Finding the Perfect Fit

by | | 0 comment(s)

We ask a lot of our feet. With each step you take, your foot strikes the ground with more than three times your body weight, and you ask them to do this thousands of times per day. Your feet depend on you, too. It’s your job to keep your feet healthy and pain free. One of the most critical things you can do to care for your feet is to choose the right shoes with the right fit. The perfect fit!

Many people are wearing shoes are too tight, too big, or don’t provide the right support in the right spots. These shoes will lead to stress on your feet, ankles, legs, and all the way up your hips and spine. This stress will lead to pain, and that pain can be prevented by simply wearing the right shoes for your feet. We know a thing or two about helping you find the perfect fit in the right shoe.

Finding the Perfect Fit

The area around your toes, called the toe box, should have enough room for your toes to rest comfortably. If there’s too much room, your foot will slide around inside the shoe, which leads to calluses and blisters.

More often, however, the toe box is too tight. For people with wide feet, the toe box is one of their biggest issues when choosing shoes. Traditional shoe stores only stock medium shoes, making it difficult to find the right fit. Many people make the mistake of buying a larger size, when what they really need is a bigger width. Our shoes come in several widths, to help you find the right fit.

Remember to make sure there is room at the end of your toes, as well. While standing up, there should be up to half an inch of space between your longest toe and the shoe tip. If you can wiggle your toes inside your shoe while standing, you’re on the right track. Too much room, and you’ll be at risk of tripping and falling.

The top of the shoe, called the upper, should be made from a material that conforms to the shape of your foot, without constricting. Shoes with closures, rather than slip-ons, can help provide the right amount of “give” along the top of the foot. Adjustable closures can also help to keep your feet comfortable throughout the day, as your feet generally swell later in the day. The upper should be made from a non-irritating and porous material.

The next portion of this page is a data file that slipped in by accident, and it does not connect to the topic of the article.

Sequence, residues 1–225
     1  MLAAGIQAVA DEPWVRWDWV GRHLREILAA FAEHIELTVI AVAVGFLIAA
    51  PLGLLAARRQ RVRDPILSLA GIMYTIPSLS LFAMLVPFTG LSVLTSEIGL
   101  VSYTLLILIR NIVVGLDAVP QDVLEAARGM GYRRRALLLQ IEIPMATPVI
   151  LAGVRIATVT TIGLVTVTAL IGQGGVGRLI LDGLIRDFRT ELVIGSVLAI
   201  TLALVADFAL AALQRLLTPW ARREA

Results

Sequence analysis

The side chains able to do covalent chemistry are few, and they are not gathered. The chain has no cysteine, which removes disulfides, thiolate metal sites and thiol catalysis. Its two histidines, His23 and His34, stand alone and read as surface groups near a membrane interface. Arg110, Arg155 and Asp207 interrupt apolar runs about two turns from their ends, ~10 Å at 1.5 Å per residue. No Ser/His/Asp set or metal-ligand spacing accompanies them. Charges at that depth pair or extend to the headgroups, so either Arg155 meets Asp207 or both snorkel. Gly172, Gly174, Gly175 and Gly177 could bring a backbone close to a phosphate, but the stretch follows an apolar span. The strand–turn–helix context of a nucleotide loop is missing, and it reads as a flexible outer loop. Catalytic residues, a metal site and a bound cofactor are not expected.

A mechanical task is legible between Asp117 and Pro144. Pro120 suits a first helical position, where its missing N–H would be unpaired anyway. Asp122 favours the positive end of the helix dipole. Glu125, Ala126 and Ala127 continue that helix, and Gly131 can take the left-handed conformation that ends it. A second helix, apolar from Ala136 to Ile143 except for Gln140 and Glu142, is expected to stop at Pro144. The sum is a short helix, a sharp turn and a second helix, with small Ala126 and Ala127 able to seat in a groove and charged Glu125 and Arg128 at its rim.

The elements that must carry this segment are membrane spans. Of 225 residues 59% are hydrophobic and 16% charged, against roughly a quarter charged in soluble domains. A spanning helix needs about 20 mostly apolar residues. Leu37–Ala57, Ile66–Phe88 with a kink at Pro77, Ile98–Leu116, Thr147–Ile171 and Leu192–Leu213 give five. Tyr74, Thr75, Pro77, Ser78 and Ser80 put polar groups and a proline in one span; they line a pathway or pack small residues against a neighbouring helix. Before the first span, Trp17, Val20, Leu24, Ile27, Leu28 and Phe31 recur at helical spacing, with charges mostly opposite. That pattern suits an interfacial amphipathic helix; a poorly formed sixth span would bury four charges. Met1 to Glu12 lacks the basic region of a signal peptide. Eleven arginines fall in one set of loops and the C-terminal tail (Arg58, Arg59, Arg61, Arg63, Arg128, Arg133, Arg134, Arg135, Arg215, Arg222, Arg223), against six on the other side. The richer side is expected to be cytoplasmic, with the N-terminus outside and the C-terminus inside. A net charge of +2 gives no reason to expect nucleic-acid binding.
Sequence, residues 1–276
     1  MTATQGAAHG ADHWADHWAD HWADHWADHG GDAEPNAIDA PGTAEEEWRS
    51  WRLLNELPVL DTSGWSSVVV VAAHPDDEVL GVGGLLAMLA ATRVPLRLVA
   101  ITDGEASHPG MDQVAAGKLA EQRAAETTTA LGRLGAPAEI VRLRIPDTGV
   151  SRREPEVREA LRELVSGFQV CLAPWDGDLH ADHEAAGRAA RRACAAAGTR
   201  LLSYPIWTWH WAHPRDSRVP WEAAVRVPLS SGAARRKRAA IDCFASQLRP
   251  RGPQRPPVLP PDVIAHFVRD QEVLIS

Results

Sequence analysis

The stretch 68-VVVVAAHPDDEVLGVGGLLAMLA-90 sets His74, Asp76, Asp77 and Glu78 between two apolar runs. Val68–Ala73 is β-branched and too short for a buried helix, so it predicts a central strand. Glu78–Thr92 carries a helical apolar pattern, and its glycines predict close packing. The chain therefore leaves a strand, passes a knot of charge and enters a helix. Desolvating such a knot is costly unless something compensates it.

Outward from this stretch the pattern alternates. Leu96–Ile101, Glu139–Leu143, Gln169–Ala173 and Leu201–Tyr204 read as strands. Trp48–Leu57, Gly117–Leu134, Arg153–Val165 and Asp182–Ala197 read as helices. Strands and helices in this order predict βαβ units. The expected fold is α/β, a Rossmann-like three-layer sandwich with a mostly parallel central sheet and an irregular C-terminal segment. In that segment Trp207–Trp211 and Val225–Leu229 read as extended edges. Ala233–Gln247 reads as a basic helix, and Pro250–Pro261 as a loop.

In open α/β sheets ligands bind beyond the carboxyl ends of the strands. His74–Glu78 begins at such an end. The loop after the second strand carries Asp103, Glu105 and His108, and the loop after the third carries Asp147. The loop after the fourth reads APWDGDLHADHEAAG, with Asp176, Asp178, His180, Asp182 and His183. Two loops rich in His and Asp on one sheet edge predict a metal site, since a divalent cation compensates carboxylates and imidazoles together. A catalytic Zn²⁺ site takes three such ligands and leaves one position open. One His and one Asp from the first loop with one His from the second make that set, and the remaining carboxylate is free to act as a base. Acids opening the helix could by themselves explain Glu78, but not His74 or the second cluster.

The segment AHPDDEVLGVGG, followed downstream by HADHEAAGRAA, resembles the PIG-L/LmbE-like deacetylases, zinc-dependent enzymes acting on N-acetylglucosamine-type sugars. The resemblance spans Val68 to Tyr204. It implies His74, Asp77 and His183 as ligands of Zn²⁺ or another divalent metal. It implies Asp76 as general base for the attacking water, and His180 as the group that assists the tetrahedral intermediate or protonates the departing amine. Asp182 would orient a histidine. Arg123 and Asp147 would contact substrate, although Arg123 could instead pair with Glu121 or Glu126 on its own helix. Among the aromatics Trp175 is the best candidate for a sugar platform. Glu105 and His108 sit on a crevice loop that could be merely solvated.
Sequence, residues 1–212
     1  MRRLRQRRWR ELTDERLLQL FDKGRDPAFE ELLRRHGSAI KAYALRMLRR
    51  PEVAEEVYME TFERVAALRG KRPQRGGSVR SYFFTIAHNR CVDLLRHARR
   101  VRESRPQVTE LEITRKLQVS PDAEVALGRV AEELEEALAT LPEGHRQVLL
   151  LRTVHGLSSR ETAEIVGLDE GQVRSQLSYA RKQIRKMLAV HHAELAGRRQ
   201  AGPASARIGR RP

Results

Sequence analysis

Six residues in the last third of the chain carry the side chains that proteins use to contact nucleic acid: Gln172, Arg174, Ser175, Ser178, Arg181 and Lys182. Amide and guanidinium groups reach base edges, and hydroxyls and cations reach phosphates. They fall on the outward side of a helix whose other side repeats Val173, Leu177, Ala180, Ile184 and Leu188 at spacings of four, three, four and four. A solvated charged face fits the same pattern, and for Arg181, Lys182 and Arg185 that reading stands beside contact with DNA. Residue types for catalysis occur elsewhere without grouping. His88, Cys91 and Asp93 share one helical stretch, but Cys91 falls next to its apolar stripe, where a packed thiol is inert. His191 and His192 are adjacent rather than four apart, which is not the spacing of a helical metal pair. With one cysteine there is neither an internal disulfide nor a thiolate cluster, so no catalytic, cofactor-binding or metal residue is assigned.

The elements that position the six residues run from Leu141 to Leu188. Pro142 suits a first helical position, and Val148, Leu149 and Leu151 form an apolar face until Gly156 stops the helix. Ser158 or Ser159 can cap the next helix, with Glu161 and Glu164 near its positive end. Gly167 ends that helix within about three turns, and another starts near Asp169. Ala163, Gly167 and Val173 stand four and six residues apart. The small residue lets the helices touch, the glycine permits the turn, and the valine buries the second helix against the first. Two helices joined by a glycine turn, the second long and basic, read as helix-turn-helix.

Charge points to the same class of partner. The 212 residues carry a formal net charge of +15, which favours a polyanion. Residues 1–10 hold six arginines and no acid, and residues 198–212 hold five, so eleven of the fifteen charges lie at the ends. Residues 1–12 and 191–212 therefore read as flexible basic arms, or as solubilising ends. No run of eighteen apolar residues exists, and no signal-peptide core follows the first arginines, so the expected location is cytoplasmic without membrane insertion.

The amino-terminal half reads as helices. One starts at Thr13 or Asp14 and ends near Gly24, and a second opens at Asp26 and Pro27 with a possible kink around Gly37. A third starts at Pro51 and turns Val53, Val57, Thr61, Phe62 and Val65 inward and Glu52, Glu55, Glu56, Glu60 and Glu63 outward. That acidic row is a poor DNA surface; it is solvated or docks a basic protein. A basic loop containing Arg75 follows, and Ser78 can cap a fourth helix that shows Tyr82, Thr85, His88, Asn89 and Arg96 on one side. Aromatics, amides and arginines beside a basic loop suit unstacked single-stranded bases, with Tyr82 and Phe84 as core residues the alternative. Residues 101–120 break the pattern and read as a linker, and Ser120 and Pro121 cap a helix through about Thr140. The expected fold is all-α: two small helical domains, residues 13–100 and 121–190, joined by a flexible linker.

Inside the shoe, the insoles should provide enough cushioning to absorb the shock of those thousands of steps you’ll take in a day. There are three areas that need proper support: the arch, the ball of the foot, and the heel. The heel can support as much as 25% of your body weight. Shoes with removable insoles allow you to adjust the amount of support or cushion you need for your specific foot shape and activity level.

Most of our therapeutic shoes arrive with two removable inserts, so that you can adjust the amount of padding, as well as the fit. The volume of your foot is just as important as the width. Dual inserts are the best wat to find that perfect fit for your foot and foot conditions.

The bottoms of your shoes are just as important. Soles should provide traction and keep you from slipping. Then there’s the matter of heels. Ideally, your shoe should provide slight elevation, either from the outside heel or the inside, thicker sole at the back of the shoe. The part of the shoe that wraps around the back of your heel, the counter, needs to be firm enough to support and protect your ankles. When standing and moving, the back of your heel should fit snugly into the counter, not slide up and down while you walk.

If, like many people, you find that your feet are two different sizes, buy shoes to fit the larger foot. Look for our shoes with dual removable insoles, and add support inserts to the shoe on the smaller foot.

While it used to be far more difficult to find shoes that both looked and felt great, our shoe makers have found the right balance between form and function. There are plenty of choices for good looking shoes that will fit your feet and keep them healthy and happy. We’re here to help you find the perfect fit for your feet. Give us a call! We’re more than happy to help.

This entry was posted in no categories.

You must be logged in to post comments.